The North of Tyne Combined Authority (NTCA)  has today been awarded £24m from the Government’s £400m Brownfield Housing Fund to support the delivery of up to 2,500 additional homes on brownfield land by 2025.

The funding will allow local authorities to target additional investment towards brownfield sites requiring intervention so that they can be developed and provide much needed new homes. Brownfield sites exist in a city’s or town’s former industrial areas, where there may be abandoned factories or commercial buildings, or other previously polluting operations like steel mills, refineries or landfills. Allocations from the Brownfield Housing Fund will be determined locally with oversight from the North of Tyne Cabinet allowing for devolved decision making that prioritises the housing needs of local communities in the area.

The fund, which was announced in March and will run through to 2025, will see a range of housing and economic sites brought forward that would otherwise remain stalled or un-developed. The Combined Authority will also be able to bid for a share of an additional £40m of funding as part of a competitive process to ‘top up’ funds to further support work on brownfield sites.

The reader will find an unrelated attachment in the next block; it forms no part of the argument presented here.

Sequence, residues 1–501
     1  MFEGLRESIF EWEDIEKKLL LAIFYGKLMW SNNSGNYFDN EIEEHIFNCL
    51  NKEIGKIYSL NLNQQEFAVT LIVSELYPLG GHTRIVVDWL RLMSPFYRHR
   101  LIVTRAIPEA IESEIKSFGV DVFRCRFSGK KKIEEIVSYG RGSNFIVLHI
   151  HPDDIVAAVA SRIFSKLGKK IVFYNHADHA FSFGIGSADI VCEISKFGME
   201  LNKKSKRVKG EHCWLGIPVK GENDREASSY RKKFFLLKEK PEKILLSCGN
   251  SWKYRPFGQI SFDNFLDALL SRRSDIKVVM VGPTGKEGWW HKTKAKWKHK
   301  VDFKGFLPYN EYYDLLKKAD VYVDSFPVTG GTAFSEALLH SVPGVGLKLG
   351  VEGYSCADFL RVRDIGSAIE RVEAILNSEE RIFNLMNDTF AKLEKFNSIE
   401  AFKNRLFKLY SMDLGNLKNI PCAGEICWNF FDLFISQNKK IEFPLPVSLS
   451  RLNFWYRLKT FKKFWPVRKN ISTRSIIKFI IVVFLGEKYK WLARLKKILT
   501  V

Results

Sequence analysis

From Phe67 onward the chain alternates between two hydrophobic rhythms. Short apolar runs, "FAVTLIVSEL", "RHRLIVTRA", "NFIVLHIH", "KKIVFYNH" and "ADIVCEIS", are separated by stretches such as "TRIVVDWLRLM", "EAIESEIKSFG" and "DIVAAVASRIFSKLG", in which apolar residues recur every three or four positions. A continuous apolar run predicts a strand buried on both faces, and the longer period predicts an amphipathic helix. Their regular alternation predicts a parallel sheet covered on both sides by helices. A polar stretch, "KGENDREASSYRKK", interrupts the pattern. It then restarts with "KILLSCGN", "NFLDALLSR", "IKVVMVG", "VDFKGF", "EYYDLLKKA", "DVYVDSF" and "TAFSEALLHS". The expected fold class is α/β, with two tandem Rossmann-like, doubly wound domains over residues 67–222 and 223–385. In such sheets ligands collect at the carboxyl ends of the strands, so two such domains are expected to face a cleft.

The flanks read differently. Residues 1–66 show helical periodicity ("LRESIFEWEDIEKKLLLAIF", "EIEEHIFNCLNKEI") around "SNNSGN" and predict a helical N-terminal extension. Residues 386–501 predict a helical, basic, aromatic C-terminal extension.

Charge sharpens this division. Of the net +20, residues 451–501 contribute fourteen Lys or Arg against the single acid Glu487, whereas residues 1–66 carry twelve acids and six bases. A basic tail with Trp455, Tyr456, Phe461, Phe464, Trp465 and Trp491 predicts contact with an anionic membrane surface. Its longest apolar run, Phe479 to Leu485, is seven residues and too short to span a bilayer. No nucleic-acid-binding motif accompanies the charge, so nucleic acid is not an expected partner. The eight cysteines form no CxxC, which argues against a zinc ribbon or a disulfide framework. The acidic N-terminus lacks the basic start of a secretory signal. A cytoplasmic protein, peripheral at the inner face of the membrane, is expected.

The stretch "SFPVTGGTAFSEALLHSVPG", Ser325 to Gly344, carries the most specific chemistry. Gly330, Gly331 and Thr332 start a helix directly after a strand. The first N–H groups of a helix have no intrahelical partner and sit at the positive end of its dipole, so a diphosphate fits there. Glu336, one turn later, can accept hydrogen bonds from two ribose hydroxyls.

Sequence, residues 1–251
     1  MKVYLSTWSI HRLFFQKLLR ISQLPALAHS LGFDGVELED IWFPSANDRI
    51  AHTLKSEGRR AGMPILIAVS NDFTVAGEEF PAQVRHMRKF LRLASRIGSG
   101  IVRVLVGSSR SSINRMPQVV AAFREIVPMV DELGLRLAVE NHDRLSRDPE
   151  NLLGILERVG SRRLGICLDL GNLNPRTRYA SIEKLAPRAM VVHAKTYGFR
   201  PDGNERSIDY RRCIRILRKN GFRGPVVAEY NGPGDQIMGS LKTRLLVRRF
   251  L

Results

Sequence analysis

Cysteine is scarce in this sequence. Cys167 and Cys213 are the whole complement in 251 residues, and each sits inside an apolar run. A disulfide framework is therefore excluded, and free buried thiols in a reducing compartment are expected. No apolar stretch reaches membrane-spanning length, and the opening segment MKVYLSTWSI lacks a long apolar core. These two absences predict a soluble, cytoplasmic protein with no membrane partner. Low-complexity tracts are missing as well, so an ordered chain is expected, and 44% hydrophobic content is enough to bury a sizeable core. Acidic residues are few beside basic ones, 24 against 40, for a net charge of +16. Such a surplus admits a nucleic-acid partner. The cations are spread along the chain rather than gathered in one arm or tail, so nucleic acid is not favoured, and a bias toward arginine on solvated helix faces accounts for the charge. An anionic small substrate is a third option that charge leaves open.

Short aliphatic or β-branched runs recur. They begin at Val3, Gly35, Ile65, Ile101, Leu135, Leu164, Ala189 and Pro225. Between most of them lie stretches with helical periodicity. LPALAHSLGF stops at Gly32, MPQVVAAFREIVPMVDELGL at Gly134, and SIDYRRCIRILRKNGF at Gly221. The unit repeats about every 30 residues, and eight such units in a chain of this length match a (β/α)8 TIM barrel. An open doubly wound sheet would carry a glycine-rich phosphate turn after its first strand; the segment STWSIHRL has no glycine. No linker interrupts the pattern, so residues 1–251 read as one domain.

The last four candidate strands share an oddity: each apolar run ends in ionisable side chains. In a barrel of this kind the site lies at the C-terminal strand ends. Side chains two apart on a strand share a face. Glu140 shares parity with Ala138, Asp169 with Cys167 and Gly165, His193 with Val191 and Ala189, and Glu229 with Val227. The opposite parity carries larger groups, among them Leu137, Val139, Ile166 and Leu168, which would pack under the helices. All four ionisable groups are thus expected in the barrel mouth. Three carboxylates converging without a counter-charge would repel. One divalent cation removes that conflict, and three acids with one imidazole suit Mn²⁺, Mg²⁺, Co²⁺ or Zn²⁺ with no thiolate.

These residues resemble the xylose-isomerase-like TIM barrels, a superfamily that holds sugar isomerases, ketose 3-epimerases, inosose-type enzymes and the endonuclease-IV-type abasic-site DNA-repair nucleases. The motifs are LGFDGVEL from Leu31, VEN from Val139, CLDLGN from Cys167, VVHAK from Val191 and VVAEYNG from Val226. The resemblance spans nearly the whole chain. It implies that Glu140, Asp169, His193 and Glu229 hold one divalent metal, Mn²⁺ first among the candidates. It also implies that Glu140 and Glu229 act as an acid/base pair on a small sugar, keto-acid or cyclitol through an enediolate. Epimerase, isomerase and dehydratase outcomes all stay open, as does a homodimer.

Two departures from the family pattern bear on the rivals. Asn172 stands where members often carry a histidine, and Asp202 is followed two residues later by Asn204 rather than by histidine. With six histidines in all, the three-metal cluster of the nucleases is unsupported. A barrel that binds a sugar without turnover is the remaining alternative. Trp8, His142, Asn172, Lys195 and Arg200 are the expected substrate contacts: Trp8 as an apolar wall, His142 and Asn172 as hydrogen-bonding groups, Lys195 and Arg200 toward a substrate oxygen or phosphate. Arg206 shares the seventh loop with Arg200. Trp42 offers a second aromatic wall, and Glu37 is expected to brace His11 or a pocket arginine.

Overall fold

Deputy Mayor of the North of Tyne Combined Authority and Portfolio Holder for Housing and Land Norma Redfearn CBE

Deputy Mayor of the NTCA and Portfolio Holder for Housing and Land Norma Redfearn CBE

Deputy Mayor of the NTCA and Portfolio Holder for Housing and Land Norma Redfearn CBE said: “This is good news. It will allow us to build more of the homes people desperately need, where they are needed in the North of Tyne. Brownfield development will allow us to breathe new life into disused sites which will help achieve our ambition to create affordable housing in Newcastle, North Tyneside and Northumberland.”

Jamie Driscoll, the Mayor of North of Tyne said: “The North of Tyne has a wealth of under-utilised, brownfield land that is ripe for development. This land is often close to existing public transport and other amenities so it makes sense that these sites play a major role in our housing ambitions.

 “These sites will allow us to meet the broad range of housing needs that exist across the NoT and help us to revitalise and sustain our construction sector ensuring that good skilled jobs remain in our area. This funding, and the local decision making powers to ensure the interests of local people are met, is what devolution is all about and I welcome it.”

Brownfield Housing Fund poster